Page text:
“We went to St. Ives last summer,” I said. “It was awesome. That night was actually the first time I got a little drunk. My mom wanted to see how I’d act if I was tipsy. I got pretty into the band, but there were definitely too many sax solos. Like two a song or something.”
Chad continued to look at the wall: B.B. King and Bobby Bland Live at the Star Plaza, Aretha Franklin, Ray Charles, James Brown, vintage Beatles and Rolling Stones posters, a Jonny Lang promotional poster and the list went on. Chad put his hands in his pockets, said nothing, and displayed a blank expression.
“I wish I was rich,” he said, perhaps more audibly than he’d anticipated.
In the corner of the room was a Gibson acoustic on a stand. Adam picked it up gently, idolizing it.
He sat down on a stool and started tuning it to itself.
“What do you think, Chad?” he said. “You ready to play?”
“That’s a sweet guitar,” Chad said. “You sure your dad won’t mind?”
“No, man, it’s cool,” I said. “Play me something.”
Adam stood up and held the Montana-made Gibson out to him like he was giving a ninja a samurai sword.
“It’s ready for you,” he said.
“Holy shit,” Chad said, sitting down on the stool, feeling out the guitar, playing it gently using only his fingers. After massaging an E chord for a while, he reached into his pocket and pulled out a nylon pic.
“Play ‘Lucky’,” Adam said. “Troy, you’ve got to hear him play ‘Lucky.’ He sounds just like the Seven Mary Three guy.”
“I don’t know, man,” Chad said. “I haven’t played that one much.”
“But you nailed it last time you played it, man. Dude, really, come on.”
“Play whatever you feel like playing,” I said.
“No, dude, play ‘Lucky,’” Adam said to Chad, then he looked over at me. I could tell he was getting annoyed. “Really, you’ve got to hear him play ‘Lucky.’ It’s better than Seven Mary Three.”
“Like I said, no pressure,” Chad said, shrugging. “I’ll play it, alright?”
Gently and quietly, Chad started playing, smiling as he got showy with his picking, loving the sound of the new Elixir strings.
As he played, his body relaxed, and he closed his eyes. Quietly, he started to sing.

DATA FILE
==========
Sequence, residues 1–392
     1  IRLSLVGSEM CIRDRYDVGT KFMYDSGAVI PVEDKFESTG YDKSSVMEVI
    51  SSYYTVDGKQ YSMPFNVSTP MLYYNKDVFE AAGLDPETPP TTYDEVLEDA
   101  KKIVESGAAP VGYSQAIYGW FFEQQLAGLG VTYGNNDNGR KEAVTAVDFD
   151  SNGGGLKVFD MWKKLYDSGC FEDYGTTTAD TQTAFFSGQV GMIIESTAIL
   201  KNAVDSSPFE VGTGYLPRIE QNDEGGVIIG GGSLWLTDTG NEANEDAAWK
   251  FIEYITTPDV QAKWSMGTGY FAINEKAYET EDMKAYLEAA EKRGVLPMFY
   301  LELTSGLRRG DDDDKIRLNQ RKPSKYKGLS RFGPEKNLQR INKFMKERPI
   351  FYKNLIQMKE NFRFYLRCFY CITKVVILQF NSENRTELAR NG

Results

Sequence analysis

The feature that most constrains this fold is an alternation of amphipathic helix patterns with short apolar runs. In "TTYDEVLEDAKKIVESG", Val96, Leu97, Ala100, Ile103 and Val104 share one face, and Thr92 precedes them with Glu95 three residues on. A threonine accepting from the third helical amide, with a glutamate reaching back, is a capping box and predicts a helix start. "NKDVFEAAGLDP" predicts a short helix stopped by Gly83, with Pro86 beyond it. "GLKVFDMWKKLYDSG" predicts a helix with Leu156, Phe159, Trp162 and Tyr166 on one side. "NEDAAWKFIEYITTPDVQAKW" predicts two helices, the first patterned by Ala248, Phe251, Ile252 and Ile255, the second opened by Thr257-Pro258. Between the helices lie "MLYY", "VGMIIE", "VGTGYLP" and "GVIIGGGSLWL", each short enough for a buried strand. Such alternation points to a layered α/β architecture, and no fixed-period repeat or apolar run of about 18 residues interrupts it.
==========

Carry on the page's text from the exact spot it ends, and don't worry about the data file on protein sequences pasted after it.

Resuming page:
“Mean Mr. Mustard said he’s bored of life in the district,” he sang. “He can’t afford French Quarter high, said it gets old real quick.”
Chad started to get into it, the veins in his neck showing, the voice straining with the rasp that made a number of grunge singers famous.
“See, Charlie, see? I told you he’s good. Doesn’t he sound just like the Seven Mary Three guy? He sounds just like him. You sound just like him, Chad.”
His eyes burning into me, I could tell Adam was proud. I looked over at the tall, curly-haired, heavy-set friend and saw him nodding and smiling just like he did when he had me hear the singer of our band, April.
“Yeah, you called it, Adam,” I said. “He’s got it.”
Chad kept playing, escaping the moment, escaping his world, losing himself in the second verse. He didn’t even seem to try. It just came naturally. I loved him and hated him for it.
“Divine apathy, disease of my youth, watch that you don’t catch it,” Chad sang.
Adam stopped his celebration and sat down on the chair by the computer, crossing his legs and listening intently, flipping a switch.
I stood by the entrance of the guitar room, mesmerized by how Chad captured and embodied the sound of our era: late-nineties alternative rock. I knew without hearing him try that he could sound like Eddie Vedder or Kurt Cobain, but what I wanted to hear was his own voice.
“Why don’t you play something you wrote?” I asked him.
Knowing he’d captivated us, Chad was confident, sitting up in the stool, the hesitant smile now looked a little cocky.
“OK, man, I’ve got one in mind,” he said. “I just wrote it.”
“Have I heard it?” Adam asked.
“No, man. I don’t think anybody’s heard it.”
“A debut, Troy. This is it right here, man. Lay it on us.”
“Shut up, Adam,” Chad said. “Alright, I might fuck it up.”
“Don’t worry about that, man,” I said. “You’re not on stage.”
Chad took a deep breath and started playing a catchy riff that reminded me of Staind’s “It’s Been Awhile” but was definitely its own sound.
“If I could turn back the hands of time,” Chad sang, his eyes closed again, as he reacquainted himself with past emotions. “You would still be mine.”
In one verse and a chorus, Chad went from angry to sad, from regretful to pained. He knew where the emotion lived in each breath. Longing. Discomfort. Angst. I couldn’t wait to see him on stage.